Like Jane the Virgin, this was a series I had never seen until this last week, despite hearing nonstop praise. I decided to check it out, as its themes of immigration and the hardships of Latinos living in modern America couldn't possibly be more relevant. I'm so glad I finally gave in, because One Day at a Time is exactly the sort of multi-camera sitcom I've been craving, after the new Roseanne broke my heart and tedious series like The Big Bang Theory gave the genre a bad rep. This series is everything those shows are not, a biting, funny, important series that tackles a smattering of real-world issues, like mental health, homophobia, and racism in the United States. It's a reboot of 1970s series I never saw, but that lack of familiarity doesn't matter at all. Plus, there's nothing better than 86-year-old Rita Moreno dropping one-liners all over the place.

Ellen, Seasons 1-5

Where To Watch: Hulu

Created By: Neal Marlens, Carol Black, David S. Rosenthal

Starring: Ellen DeGeneres, Clea Lewis, David Anthony Higgins, Joely Fisher

I love Ellen DeGeneres as if she were family, and I jumped for joy when I realized her sitcom was on Hulu. Ellen has always been a hero of mine, because her career represents total perseverance in the face of adversity. But it can be easy to forget how far she's come, and how different she felt as a comedian and personality before she was out. Not that orientation determines everything about a person, but because she was so clearly a woman holding back. Ellen is a monumental piece of American television that captures a historical moment – Ellen's character coming out, mirroring Ellen's own experience – but it's also a genuinely funny show even without that distinction. To watch it is to witness the growth of one of our premiere talents, as she truly comes into her own. It's a beautiful thing that still feels important, some 20-plus years later.

Parks and Recreation, Seasons 1-7

Where To Watch: Netflix

Created By: Michael Schur, Greg Daniels

Starring: Amy Poehler, Nick Offerman, Chris Pratt, Aubrey Plaza, Aziz Ansari, Adam Scott

I've put Parks and Rec in this streaming column before and I'll put it here again – because it's never not an instant good-mood booster, and never not relevant. It is easily my most re-watched show, and I find myself turning to it specifically in times of trauma or depression, when everything feels like too much. Luckily, these characters are always there for me, and there's an episode for whatever specific emotion I want to meditate on.  Leslie Knope's quest to create a better world for women and for the townspeople she loves will never not wreck me, and I love that the show lets her actually be successful. Her "annoying" qualities – or rather, what the rest of the world deems annoying – don't stop her from finding love, from attaining public office, and for becoming the fricken president. Every citizen of Pawnee, Indiana – from April to Ron to Andy to Tom – feels like family at this point, and if you've never taken the time to get to know them, or haven't seen the show at all, please, I beg of you: do it. There's never been a better time. This is a show that not only radiates warmth and positivity, but it also offers a positive take on politics and is, fundamentally, about America and all of the beautiful things our country is when you peel away the bullshit.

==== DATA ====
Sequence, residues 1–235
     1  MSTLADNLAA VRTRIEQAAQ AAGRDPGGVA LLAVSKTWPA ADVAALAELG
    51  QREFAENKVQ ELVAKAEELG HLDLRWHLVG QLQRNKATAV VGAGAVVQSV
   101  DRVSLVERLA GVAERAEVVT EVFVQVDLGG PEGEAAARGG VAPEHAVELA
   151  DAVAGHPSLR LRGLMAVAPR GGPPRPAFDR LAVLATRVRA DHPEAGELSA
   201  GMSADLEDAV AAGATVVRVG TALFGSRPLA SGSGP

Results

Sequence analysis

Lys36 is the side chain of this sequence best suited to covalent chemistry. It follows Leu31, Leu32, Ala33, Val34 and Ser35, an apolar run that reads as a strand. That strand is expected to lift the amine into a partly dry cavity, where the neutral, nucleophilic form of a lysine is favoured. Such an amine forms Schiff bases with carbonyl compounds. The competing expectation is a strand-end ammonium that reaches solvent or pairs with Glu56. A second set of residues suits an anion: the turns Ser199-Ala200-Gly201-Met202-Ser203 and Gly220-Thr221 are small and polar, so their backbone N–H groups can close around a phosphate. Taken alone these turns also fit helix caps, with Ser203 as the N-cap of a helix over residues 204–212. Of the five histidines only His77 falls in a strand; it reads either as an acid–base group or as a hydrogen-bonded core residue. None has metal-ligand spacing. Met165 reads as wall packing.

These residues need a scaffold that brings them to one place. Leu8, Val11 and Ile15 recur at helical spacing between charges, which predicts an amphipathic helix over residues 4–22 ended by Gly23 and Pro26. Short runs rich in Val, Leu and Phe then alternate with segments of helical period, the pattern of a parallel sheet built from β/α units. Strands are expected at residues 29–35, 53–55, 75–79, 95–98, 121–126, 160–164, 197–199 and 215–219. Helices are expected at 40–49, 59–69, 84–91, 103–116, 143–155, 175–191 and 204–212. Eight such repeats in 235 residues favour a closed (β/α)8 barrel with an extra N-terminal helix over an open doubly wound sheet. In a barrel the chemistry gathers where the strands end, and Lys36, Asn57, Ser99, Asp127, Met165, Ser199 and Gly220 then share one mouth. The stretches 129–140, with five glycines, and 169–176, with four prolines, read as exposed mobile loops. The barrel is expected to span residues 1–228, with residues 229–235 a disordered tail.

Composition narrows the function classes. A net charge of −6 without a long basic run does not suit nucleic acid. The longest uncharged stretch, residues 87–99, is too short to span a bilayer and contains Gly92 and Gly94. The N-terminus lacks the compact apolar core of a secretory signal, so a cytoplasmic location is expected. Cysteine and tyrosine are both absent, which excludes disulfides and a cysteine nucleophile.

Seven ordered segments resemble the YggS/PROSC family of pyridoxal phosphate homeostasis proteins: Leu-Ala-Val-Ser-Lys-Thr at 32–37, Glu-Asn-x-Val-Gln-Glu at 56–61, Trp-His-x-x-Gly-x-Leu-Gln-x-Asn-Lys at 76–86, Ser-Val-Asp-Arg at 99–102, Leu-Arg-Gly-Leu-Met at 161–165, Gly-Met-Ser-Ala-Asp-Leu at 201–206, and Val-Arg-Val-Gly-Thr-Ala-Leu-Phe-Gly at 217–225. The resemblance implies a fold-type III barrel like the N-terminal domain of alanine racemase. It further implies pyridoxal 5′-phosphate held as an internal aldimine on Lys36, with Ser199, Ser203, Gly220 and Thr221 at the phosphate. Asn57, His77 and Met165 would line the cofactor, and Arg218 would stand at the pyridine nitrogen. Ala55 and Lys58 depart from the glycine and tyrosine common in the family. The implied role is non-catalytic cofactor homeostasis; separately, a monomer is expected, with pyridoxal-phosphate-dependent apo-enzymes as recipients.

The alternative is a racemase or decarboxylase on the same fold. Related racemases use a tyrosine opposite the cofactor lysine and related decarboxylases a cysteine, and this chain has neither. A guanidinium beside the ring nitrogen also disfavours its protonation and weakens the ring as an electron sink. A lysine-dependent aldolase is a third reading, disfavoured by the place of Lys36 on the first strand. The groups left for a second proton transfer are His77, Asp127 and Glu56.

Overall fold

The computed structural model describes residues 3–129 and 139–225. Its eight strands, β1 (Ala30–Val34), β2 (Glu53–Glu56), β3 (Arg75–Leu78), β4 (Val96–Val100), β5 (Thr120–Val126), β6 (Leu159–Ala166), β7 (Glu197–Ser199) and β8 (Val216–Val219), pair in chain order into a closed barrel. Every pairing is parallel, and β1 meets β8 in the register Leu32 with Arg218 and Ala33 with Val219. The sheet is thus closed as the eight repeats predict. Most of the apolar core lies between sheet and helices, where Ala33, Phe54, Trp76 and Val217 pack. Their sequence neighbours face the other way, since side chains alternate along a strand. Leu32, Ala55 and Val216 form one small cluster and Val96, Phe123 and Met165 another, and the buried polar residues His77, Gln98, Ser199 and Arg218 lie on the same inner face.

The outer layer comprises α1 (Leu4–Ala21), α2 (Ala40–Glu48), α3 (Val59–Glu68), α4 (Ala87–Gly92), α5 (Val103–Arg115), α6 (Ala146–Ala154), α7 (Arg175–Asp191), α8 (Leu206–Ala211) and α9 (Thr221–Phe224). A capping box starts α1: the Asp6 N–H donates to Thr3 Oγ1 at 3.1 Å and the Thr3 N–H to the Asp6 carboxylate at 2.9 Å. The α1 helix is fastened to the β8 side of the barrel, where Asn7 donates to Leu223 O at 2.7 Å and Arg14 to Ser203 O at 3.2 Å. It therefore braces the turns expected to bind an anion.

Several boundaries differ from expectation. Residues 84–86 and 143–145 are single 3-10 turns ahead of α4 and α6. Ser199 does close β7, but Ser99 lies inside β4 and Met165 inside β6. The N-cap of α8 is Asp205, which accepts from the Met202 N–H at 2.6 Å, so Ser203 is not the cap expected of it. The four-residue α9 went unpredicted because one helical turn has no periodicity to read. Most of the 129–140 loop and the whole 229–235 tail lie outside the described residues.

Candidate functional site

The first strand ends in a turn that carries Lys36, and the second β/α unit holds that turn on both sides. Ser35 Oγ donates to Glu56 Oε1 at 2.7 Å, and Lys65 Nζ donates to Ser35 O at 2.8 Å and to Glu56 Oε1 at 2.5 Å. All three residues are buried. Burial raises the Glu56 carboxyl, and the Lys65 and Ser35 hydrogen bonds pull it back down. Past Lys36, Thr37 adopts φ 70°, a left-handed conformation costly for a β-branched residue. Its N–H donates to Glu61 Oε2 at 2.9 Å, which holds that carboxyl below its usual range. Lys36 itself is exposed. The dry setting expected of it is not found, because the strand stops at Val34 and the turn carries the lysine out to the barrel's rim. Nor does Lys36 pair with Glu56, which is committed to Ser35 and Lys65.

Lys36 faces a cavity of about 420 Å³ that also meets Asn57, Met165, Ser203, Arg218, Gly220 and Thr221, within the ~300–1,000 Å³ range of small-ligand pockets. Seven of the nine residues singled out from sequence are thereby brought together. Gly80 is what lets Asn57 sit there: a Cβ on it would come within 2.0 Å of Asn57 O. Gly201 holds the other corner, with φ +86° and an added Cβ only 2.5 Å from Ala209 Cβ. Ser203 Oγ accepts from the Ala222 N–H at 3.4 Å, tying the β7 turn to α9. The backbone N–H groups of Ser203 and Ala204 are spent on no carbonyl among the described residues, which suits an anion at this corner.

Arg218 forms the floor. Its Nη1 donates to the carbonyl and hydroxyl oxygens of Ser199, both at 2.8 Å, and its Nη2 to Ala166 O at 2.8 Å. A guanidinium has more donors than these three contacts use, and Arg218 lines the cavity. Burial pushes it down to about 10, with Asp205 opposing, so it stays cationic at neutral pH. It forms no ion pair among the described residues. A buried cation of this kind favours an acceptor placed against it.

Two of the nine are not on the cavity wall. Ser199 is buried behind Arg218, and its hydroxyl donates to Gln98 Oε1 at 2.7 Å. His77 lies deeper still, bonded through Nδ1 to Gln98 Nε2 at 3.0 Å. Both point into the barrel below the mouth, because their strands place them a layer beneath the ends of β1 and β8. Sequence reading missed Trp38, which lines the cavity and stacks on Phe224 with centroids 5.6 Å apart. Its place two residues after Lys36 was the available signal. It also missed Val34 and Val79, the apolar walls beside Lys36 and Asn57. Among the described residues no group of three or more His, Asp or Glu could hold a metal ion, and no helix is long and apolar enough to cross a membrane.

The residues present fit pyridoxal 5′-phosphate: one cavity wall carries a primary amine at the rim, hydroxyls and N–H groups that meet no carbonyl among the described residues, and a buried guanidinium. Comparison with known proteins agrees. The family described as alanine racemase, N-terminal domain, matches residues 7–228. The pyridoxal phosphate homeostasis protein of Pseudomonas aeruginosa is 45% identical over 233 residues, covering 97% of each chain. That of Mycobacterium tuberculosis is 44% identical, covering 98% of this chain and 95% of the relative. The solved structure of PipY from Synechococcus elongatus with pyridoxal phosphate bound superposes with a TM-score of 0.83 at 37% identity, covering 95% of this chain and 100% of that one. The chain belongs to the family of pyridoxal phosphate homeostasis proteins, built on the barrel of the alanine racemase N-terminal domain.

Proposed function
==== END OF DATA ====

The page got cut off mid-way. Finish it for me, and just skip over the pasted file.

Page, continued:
I Love Lucy, Volumes 1-5 

Where To Watch: Amazon Prime

Created By: Cameron Douglas

Starring: Lucille Ball, Desi Arnaz, Vivian Vance, William Frawley

Sometimes you just need an old classic to do the trick. I've adored I Love Lucy since I was a little girl, watching re-runs on Nick at Nite or TV Land, always impressed by this fiery, spunky woman so unlike any I'd ever seen on TV before. I still feel the Lucy-sized hole in modern sitcoms, and still long for a weekly character who ignites me the way she did. The best part about I Love Lucy is that it's timelessly hilarious, somehow walking the line between the absurd and the believable. A lot of that is reliant on Lucille Ball's natural comedy, which is the rarest of gifts. She's perfect. But of course, her co-stars – Desi Arnaz, Vivian Vance, and William Frawley – are equally delightful, and the chemistry between the cast is like non-other. When I found the series on Amazon Prime this week, I found myself skipping through episode after episode, re-watching favorite moments that stuck out from childhood memory, uproariously laughing at all of the great physical comedy, and feeling genuinely moved by the intense love between Lucy and Ricky. If you're a fan of classic sitcoms, Prime has plenty on hand – but Lucy is, as always, a great place to start.

The Andy Griffith Show, Seasons 1-8

Where To Watch: Amazon Prime

Created By: Sheldon Leonard

Starring: Andy Griffith, Ron Howard, Don Knotts, Elinor Donahue

Speaking of classic TV on Amazon Prime, when was the last time you watched an episode of The Andy Griffith Show? It had been ages for me, but it's been on my mind a lot lately. I've always felt so comforted by the idea of Mayberry, this American town out of time that represents a certain never-can-have quality; it's a fantasy of what small-town Americana should be, with its quirky locals and weekly fatherly lessons. I always wanted a dad like Andy, always wanted to walk down by the creek with a fishing pole, whistling with a parent who loved me unconditionally. I've been watching an episode every night before bed for these last few weeks, because – as with Fresh Off the Boat – I like drifting to sleep with concepts like these ingrained in my head. Of small towns and small-scale hijinks and families together, in the place where they feel most safe. Mayberry may not be real, but it's a sanctuary in my head. It's been a real treat to find solace in it, and I recommend everyone check out an episode or two to remember what it feels like to truly be home.